The Freyd-Mitchell embedding theorem is a very useful tool for dealing with small abelian categories. However, it does not allow to use "elements" of objects of an abelian category $A$ in those statements that involve "infinite constructions".

So I wonder: for which Grothendieck abelian $A$ (this certainly implies that $A$ is not small if it is non-zero) there exists an exact conservative functor $F$ into abelian groups (this is a certain weak substitute of "having elements")? Does the Gabriel-Popescu theorem help here (so, what can one say if $A$ is described as a "nice" localization of certain category of modules)?

Also, how would you call a functor $F$ possessing this property; does "a stalk functor" sound fine? What is the relation of the existence of $F$ condition to the existence of compact generators for $D(A)$? If $A$ is a category of sheaves for certain Grothendieck topology then can one relate $F$ to the points of this topology?

Any hints, references or examples are very welcome!

  • $\begingroup$ What I know is that there is an analog of Freyd-Mitchell for elementary toposes which does not require any smallness. It is called the Barr cover I think, you embed your topos into double negation sheaves on the (closed) complement of the element "true" in the subobject classifier. $\endgroup$ Dec 6 '16 at 11:23
  • $\begingroup$ If the idea is to reason about "infinite constructions" as though in a category of modules, then why don't you require your embedding to preserve certain (co)limits? $\endgroup$
    – Tim Campion
    Feb 26 '18 at 9:18
  • $\begingroup$ Yes, this is what I want to be true.:) So, which results in this direction are known? $\endgroup$ Feb 27 '18 at 15:09

I am not an expert of the abelian world, but I think I can answer.

Since my background is not precisely abelian, I will start with an example in category theory.

Thm. Let $\mathcal{K}$ be a locally $\kappa$-presentable category, then there is a faithful and conservative functor to Set that preserves $\kappa$-directed colimits.

Proof. Since $\mathcal{K}$ is a locally $\kappa$-presentable category, it has a strong generator $\mathcal{G}$ made by $\kappa$-presentable objects. Then, the functor $\coprod_{G \in \mathcal{G}} \text{hom}_{\mathcal{K}}(G, \_)$ is faithful and conservative. Moreover it preserves $\kappa$-directed colimits and connected limits.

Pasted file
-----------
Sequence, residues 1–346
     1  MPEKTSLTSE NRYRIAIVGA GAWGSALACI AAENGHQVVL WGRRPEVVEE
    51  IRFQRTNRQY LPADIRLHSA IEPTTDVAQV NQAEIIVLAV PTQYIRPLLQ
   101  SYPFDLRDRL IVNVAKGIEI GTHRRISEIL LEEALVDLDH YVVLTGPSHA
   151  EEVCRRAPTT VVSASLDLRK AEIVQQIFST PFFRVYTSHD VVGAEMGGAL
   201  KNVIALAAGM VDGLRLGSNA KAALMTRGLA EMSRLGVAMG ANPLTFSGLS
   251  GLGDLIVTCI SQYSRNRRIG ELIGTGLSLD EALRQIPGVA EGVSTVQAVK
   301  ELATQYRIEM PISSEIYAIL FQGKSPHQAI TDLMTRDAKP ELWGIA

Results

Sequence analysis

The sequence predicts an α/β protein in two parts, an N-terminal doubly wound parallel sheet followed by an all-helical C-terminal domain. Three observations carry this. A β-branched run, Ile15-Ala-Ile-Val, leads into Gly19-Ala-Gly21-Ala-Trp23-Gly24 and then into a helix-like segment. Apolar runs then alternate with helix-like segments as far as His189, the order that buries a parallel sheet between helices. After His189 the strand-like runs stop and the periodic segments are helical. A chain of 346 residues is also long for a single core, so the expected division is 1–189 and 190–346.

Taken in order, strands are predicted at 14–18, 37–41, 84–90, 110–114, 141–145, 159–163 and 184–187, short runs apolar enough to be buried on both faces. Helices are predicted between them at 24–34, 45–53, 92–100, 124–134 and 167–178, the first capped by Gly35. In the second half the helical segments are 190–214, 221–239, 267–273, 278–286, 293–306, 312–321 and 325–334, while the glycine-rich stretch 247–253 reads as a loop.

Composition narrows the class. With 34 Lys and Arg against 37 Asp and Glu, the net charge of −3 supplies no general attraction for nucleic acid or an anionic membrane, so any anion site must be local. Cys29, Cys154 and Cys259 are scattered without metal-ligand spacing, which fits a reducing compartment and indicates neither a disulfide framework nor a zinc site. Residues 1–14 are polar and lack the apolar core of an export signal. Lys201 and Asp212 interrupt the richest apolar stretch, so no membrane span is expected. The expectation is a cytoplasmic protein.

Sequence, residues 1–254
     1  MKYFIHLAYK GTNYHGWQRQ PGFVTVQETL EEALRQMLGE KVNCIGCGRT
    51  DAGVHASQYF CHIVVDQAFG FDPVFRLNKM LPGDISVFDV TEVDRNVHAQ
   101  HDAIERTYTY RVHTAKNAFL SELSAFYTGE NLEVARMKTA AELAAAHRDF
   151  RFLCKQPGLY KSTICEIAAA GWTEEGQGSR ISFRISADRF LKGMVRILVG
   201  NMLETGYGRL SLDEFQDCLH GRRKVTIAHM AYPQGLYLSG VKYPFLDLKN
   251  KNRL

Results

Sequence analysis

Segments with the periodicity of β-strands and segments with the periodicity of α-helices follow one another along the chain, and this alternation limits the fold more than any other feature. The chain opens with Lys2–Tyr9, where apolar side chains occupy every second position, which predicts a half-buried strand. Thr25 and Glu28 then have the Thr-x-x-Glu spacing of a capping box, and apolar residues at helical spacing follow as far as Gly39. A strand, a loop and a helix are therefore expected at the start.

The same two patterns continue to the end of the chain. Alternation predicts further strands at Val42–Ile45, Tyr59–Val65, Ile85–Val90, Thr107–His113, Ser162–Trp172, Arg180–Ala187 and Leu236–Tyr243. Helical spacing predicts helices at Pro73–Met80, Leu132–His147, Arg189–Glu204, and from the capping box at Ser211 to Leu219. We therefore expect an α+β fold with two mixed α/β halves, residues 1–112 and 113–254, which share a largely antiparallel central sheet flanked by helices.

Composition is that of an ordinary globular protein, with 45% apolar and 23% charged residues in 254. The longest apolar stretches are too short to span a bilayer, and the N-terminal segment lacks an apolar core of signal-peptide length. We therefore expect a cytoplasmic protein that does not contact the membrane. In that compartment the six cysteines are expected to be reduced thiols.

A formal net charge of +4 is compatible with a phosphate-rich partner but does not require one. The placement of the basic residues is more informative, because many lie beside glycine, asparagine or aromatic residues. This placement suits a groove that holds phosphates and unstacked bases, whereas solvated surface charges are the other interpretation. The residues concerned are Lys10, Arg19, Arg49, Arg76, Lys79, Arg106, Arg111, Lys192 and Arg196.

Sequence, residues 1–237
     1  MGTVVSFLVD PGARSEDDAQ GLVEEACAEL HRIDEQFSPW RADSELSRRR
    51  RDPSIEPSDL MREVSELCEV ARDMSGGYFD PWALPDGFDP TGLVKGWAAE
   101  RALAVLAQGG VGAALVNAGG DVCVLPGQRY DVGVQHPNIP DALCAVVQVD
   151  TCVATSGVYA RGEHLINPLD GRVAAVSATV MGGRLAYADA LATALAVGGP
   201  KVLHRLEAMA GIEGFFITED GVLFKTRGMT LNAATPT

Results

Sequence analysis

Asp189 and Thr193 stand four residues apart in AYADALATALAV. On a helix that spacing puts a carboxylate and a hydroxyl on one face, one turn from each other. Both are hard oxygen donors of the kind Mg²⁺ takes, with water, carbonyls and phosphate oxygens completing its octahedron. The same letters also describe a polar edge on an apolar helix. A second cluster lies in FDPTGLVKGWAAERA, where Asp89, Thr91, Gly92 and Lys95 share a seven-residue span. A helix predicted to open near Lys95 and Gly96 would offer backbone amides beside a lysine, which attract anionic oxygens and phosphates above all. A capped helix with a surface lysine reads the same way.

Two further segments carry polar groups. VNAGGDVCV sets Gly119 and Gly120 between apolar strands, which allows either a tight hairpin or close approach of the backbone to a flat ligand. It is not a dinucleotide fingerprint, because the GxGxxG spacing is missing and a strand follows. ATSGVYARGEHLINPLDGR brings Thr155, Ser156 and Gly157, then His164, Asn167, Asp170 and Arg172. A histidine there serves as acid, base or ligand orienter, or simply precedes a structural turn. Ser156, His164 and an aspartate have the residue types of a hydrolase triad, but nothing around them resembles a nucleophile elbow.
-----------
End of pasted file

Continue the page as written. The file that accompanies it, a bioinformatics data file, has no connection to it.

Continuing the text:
It looks to me that with the same argument one can prove the following statement.

Thm. Let $\mathcal{A}$ be an abelian category with a strong projective generator, then it has an exact, faithful and conservative functor into $\mathbb{Ab}$. Moreover, if the generator is made by $\kappa$-presentable objects, the functor preserves $\kappa$-directed colimits.

Observe that the functor is left exact because $\mathbb{Ab}$ is AB4.

Moreover, the following holds.

Thm. Let $\mathcal{A}$ be a Grothendieck category with a faithful and conservative functor in $\mathbb{Ab}$ which is accessible, exact and preserve connected limits. Then $\mathcal{A}$ has a projective strong generator.

Proof. Call $F$ such a functor, then it must have a multiadjoint. This is equivalent to the fact that $F \cong \coprod_{G \in \mathcal{G}} \text{hom}_{\mathcal{A}}(G, \_)$ for a small family $\mathcal{G}$. Since $F$ is faithful and conservative, $\mathcal{G}$ must be a strong generator.

  • 1
    $\begingroup$ The main shortcoming, I think, is that this functor will typically not be right exact. $\endgroup$
    – Tim Campion
    Sep 27 '18 at 22:04
  • $\begingroup$ I edited, does it help? $\endgroup$ Sep 27 '18 at 22:10
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    $\begingroup$ Sure. I suppose that's the best one can hope for. $\endgroup$
    – Tim Campion
    Sep 27 '18 at 22:12
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    $\begingroup$ $F \cong \text{hom}_{\mathbb{Ab}}(\mathbb{Z}, F) \cong \coprod_{G \in \mathcal{G}(\mathbb{Z})} \text{hom}_{\mathcal{A}}(G, \_)$ $\endgroup$ Sep 28 '18 at 7:10
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    $\begingroup$ If there are enough points (and this is certainly the case for any sort of "ordinary" sheaves) then the direct sum of stalks is an exact conservative functor into abelian groups; yet this functor is only ind-corepresentable. $\endgroup$ Sep 28 '18 at 17:45

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